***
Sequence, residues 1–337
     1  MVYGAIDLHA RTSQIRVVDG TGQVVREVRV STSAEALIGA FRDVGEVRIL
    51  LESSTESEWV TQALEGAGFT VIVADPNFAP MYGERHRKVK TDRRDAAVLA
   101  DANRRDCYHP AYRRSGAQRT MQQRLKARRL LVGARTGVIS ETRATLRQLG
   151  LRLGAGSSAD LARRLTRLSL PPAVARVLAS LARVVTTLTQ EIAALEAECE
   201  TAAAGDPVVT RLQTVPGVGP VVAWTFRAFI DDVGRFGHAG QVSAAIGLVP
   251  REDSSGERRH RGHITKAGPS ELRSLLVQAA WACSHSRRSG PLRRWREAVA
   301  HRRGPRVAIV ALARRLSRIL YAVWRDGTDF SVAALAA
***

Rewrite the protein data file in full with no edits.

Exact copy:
Sequence, residues 1–337
     1  MVYGAIDLHA RTSQIRVVDG TGQVVREVRV STSAEALIGA FRDVGEVRIL
    51  LESSTESEWV TQALEGAGFT VIVADPNFAP MYGERHRKVK TDRRDAAVLA
   101  DANRRDCYHP AYRRSGAQRT MQQRLKARRL LVGARTGVIS ETRATLRQLG
   151  LRLGAGSSAD LARRLTRLSL PPAVARVLAS LARVVTTLTQ EIAALEAECE
   201  TAAAGDPVVT RLQTVPGVGP VVAWTFRAFI DDVGRFGHAG QVSAAIGLVP
   251  REDSSGERRH RGHITKAGPS ELRSLLVQAA WACSHSRRSG PLRRWREAVA
   301  HRRGPRVAIV ALARRLSRIL YAVWRDGTDF SVAALAA